When it comes to value, there’s no one size fits all. Ask the same question to two people and you’ll likely get two different answers. Yet, keep asking the same questions to enough people, and you’ll invariably start seeing some overlap.
It's in the overlap where opportunities for a brand lie.
By exemplifying our audiences overlapping values in our communication strategies, we're better able to speak in a language our audience understands.
If our brand sells woodworking tools to industry professionals, we may want to exemplify how fast and reliable our tools are. And that by using these tools, industry professionals will get more done in a day, making them more money. If we’re targeting hobbyists, it’d likely be more effective to communicate that a single tool gives them the freedom to create anything they want, saving them time and money.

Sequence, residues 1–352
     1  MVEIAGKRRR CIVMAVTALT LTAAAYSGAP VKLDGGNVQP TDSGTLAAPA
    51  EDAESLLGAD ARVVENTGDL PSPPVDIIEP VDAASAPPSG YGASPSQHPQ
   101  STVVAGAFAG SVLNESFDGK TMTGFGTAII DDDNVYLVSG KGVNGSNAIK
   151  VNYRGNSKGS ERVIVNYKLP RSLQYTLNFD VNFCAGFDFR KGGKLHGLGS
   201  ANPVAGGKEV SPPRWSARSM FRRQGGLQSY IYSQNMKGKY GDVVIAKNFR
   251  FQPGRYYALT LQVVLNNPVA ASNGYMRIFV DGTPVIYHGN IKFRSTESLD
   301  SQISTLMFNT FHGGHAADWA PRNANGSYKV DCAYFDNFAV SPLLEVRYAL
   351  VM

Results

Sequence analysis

It’s not a trick, it’s a signal. A signal to our audience that what we offer is for them.
A brand is a promise. It's the promise you make to your customers about what they can expect from your product or service.
You can have the best logo, use the most fantastic typeface, create the perfect colour palette, but if you’re not using those elements consistently across your brand, you risk confusing and turning away potential customers.
Branding is one of the most important aspects of any business. If you're not branding yourself properly, it's very likely that your business will fail.
You know your business inside and out. You know what you do best, who your customers are, and what makes you different from competitors. But do others?